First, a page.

(Bloomberg) -- Johnson & Johnson is promising to spend more on research in the health-care sector after changes to the U.S. tax system.
But for now, the world’s biggest health-care company isn’t providing many details on how it may use the extra money from lower tax rates.
“We’re going to look at all of our opportunities but it’s going to be a significant increase," Chief Financial Officer Dominic Caruso said Tuesday in an interview on Bloomberg TV. “We’re now up to the most significant R&D spending we’ve done in our history and we expect to expand on that going forward.” He declined to provide a specific amount.
J&J provided a 2018 profit forecast that was higher than analysts anticipated, joining companies that are seeing benefits from the tax overhaul passed in law late last year. The health-care conglomerate, whose businesses include prescription medicines, medical devices and consumer brands such as Johnson’s baby care, makes almost half of its revenue outside of the U.S., and also benefited from the weaker dollar in the past year.
The shares rose 0.7 percent to $149.15 in early trading in New York.
The profit for this year will be $8 to $8.20 a share, excluding some items, J&J said in a statement, higher than the $7.86 average of estimates compiled by Bloomberg. Revenue is projected to be $80.6 billion to $81.4 billion, in line with estimates.
J&J, the first big U.S. drugmaker to report financial results this year, topped profit estimates for the fourth quarter. Earnings were $1.74 a share, excluding some items, New Brunswick, New Jersey-based J&J said. Analysts anticipated $1.72.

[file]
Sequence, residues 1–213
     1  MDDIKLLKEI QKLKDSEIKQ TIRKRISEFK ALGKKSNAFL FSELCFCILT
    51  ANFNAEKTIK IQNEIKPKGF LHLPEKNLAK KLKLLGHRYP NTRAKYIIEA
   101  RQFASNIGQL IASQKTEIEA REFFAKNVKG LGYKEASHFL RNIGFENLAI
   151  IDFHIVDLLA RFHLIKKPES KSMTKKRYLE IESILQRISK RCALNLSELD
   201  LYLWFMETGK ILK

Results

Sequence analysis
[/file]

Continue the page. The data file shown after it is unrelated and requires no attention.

On a net basis, J&J had a quarterly loss of $10.7 billion after taking a one-time charge of $13.6 billion related to accounting changes caused by tax legislation, to bring back to the U.S. years of aggregated foreign earnings. At the end of 2016 that amounted to $66 billion, according to the most recent annual report.
There were some disappointments in the pharmaceuticals business, J&J’s biggest. Sales of blockbuster arthritis treatment Remicade, now facing competition from cheaper versions, came in lower than analysts anticipated. The decline was offset by sales in newer drugs such as psoriasis drug Stelara.
For about a year, the company has been reviewing strategic options for its diabetes-care business, which could include a sale, partnerships or joint ventures. J&J has said the diabetes devices have been hit by price declines for several years in the market and it’s difficult to fund future innovation. On Tuesday, a Chinese firm said it approached J&J about proposed sale.
Caruso declined to comment on the review.
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